As you write and film your essays, keep this in mind. Is the example you’re providing directly relevant to the narrative? If not, consider whether it should be there. There is a fine line between trying to portray as much of yourself as you can, in order to show your wide variety of strengths, and focusing on a set of core values. The right balance is usually somewhere in the middle.
Start as early as you possibly can on your written essays. Usually, it takes a lot more time than you think it will to write multiple drafts, revise, receive feedback, and polish. For many people, it’s helpful to have a rough idea of your story before you start writing. Working with a coach can be really beneficial for this.
After writing your first draft, put it aside for a few days so that when you go back to it, you’re reading with a fresh perspective. Several drafts later after receiving feedback, read your essay out loud. Doing so will give you an idea of what it will sound like to an admissions committee member.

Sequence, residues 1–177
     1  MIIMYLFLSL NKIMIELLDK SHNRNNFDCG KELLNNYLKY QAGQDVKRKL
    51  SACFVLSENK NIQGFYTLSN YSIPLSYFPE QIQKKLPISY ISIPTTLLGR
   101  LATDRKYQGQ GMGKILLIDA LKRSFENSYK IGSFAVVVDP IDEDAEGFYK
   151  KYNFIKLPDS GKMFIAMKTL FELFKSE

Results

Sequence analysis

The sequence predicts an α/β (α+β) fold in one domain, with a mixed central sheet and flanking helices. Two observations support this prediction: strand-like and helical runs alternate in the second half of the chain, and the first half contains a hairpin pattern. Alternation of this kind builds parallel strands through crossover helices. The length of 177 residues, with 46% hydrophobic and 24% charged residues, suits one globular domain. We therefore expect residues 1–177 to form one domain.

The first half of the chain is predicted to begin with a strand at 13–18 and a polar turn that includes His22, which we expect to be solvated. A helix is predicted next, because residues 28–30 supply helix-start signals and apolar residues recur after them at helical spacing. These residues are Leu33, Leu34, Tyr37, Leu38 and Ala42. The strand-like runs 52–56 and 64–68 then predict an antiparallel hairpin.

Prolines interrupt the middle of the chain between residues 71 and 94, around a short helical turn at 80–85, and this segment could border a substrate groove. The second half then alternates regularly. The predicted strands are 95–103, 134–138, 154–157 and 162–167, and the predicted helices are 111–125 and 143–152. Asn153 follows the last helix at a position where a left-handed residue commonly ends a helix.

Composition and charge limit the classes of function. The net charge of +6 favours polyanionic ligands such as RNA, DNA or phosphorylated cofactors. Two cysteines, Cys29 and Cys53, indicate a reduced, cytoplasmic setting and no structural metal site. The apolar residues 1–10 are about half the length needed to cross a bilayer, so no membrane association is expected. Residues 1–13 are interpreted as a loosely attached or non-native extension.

For the video essays, you should also start early. Practice your responses several times until you feel very comfortable giving them in a smooth manner. The last thing you want is to stumble over your words or be constantly “uhhh” and “umm”-ing your way through the answer. Talk to yourself in the mirror, practice recording yourself on Zoom, or role-play it with a friend.
Hopefully, you find these tips helpful as you put together your Kellogg MBA application. We know that it can be a very stressful process. For personalized, one-on-one advice and guidance, work with a Leland coach. We have lots who are Kellogg alumni who will be able to help you find the right narrative to tell. Here are some of our highest-rated MBA admissions coaches: